Speaking of Digital Bangladesh, if you want to transform the country in such an intellectual manner, it can only be done if you have quality minds, which cannot grow and thrive in just any place. They need proper accommodation, access to mental facilities, and physical fitness. The 2nd thing is that the infrastructure is rapidly growing. If you look at Uttara, its connectivity with Gazipur and Dhaka is helping it become a gateway. 3rd, people in Bangladesh are now looking forward to better quality of living arrangements. Eventually people want to move forward and improve their lives and this is where the idea of premium mega gated communities comes into play.
A city requires an ample amount of land, so it has to be large enough to accommodate city lifestyle, and you need to plan everything in an economically feasible manner. You can’t build a community based on just one specific group, you must have a diverse background of people to create a genuine community within a city.
When you want to develop a diverse community, you will need to look into economics. Even if there is land available in places like Gulshan or Baridhara, economics will not fit into the value proposition of diversified customers. Another consideration was that we wanted a location in Dhaka, and you can consider Uttara to be close to downtown Dhaka. Also there is a lot of connectivity for Uttara, like places such as Gulshan and Baridhara will not have Metro access. You can’t expect to see an elevated highway in those places. If we look at the infrastructure, developed communities are ranging from Purbachal, Bashundhara and Uttara itself to Gazipur. Considering the future, we predicted people would be looking particularly at Uttara. We had to take into account what will happen to Dhanmondi or Gulshan in the next 5-7 years. We feel that these locations were already saturated in terms of quality development and thus we chose a location that could best accommodate our vision. Uttara is a nice location considering a quality city lifestyle.
During this pandemic, the most widely used term was ‘work from home’, and homes are the product we work with. And home is the most important tool that we need for our future survival. Work from home has proved that the idea of home is changing and we’re building gated communities in a way to tackle these issues.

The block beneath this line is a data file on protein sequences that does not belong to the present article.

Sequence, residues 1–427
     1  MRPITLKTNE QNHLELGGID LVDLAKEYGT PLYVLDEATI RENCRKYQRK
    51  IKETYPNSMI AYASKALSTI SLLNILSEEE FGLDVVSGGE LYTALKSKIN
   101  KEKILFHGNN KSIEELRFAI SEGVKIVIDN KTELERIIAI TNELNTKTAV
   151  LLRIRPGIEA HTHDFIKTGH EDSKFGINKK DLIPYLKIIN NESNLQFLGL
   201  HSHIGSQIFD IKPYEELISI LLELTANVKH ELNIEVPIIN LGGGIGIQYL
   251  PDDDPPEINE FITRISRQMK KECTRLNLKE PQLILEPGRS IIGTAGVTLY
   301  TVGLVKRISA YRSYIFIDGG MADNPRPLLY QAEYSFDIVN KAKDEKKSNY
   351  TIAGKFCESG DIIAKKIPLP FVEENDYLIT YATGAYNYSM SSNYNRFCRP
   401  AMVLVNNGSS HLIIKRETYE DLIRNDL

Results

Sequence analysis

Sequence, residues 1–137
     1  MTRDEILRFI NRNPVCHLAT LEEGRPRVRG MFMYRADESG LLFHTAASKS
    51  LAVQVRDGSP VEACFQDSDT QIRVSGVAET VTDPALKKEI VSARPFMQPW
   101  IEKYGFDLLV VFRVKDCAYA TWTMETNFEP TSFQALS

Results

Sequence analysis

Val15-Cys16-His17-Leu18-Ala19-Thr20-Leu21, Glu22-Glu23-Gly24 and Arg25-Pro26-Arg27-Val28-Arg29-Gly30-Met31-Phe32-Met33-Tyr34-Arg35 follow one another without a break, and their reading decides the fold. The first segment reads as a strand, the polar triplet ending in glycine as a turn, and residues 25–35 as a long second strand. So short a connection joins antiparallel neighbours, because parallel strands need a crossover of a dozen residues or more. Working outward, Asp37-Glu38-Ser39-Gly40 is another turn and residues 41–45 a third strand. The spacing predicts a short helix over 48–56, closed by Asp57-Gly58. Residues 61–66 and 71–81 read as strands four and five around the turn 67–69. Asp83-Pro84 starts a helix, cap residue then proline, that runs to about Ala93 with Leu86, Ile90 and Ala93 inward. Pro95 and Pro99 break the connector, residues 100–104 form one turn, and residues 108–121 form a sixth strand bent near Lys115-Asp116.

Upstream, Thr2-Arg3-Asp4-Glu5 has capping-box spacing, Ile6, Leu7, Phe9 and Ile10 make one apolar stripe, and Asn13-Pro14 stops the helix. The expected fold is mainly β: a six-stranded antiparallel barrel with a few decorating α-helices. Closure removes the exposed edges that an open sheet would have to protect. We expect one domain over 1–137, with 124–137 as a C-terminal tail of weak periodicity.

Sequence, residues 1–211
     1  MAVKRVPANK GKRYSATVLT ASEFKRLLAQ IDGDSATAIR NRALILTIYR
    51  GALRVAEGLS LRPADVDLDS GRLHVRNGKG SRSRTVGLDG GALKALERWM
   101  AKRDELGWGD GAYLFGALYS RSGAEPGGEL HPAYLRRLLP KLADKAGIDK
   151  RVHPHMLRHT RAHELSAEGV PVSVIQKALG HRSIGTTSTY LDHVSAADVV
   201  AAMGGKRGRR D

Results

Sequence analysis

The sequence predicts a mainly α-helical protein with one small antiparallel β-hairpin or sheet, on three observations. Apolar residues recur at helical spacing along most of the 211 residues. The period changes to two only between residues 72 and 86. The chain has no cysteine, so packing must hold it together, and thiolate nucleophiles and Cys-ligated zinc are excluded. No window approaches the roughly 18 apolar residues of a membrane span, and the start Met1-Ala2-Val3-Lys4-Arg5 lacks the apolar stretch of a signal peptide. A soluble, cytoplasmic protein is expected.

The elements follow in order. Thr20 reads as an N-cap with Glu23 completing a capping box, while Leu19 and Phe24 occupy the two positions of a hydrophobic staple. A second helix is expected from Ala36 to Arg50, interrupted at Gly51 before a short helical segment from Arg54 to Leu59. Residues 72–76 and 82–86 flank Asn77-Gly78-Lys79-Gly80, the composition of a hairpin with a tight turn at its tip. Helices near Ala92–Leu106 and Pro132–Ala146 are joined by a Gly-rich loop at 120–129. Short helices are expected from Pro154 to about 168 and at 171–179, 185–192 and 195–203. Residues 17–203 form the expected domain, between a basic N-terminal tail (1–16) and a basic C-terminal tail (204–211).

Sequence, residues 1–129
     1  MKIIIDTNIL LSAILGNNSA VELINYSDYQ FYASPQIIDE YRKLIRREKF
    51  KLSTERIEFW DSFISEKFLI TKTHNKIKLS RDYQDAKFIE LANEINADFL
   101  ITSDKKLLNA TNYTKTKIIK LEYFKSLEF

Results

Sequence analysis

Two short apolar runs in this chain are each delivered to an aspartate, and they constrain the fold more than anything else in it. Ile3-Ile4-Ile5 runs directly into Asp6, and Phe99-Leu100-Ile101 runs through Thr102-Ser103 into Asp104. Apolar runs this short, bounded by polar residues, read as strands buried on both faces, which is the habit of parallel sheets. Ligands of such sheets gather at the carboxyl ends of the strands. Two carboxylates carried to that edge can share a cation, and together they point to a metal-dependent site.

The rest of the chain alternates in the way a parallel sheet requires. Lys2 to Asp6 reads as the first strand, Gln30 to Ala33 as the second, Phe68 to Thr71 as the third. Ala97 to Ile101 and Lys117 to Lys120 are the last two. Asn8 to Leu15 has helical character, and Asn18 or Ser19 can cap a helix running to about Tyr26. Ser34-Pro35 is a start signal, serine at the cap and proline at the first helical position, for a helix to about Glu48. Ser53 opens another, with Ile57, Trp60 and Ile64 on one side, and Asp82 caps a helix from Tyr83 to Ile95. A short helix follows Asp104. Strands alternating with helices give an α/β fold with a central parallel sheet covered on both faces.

Many cities have a tendency to become stuck. Eventually you want to have convenient access to groceries or playgrounds, and our city is designed in such a way, that if you want to work from home, the work-life balance will still be available. Gated communities will play an important role in ensuring safety for possible future pandemics. 2nd, the social well-being will be improved greatly. These days we find children learning how to interact with their communities. They are much more efficient with technology. They are intelligent but are not emotionally developed, and so we want to build communities where they are socially strong and know how to mix with people from a very early age.
Most of the wives in Bangladesh don’t have options on how to spend their time, until and unless they are going to relatives houses. They don’t have many opportunities to engage and that is also creating societal issues like addiction to television and media, which may not be beneficial in shaping perceptions. We need to promote our own culture and that cannot happen if we do not allow people to communicate. The people of these communities are going to be very different in terms of their interactions, intelligence and physical health. If many other communities come together to develop these ideas, we can actually accomplish our Digital transformation.
On the concept of planting the idea of a premium mega gated community into Bangladeshi minds Khan informed that since this is a new concept, seeing is believing. We have already established construction to help people visualize the concept. Showcasing is an important part because unlike stand-alone buildings, we need to find ways to bring people to these locations and see for themselves. We are also promoting people to come through campaigns. It’s rare to see real estate companies go to media firms but we are trying to establish and maintain 360 degree awareness of this concept so people can learn about practical solutions, which cannot be accomplished with a traditional approach.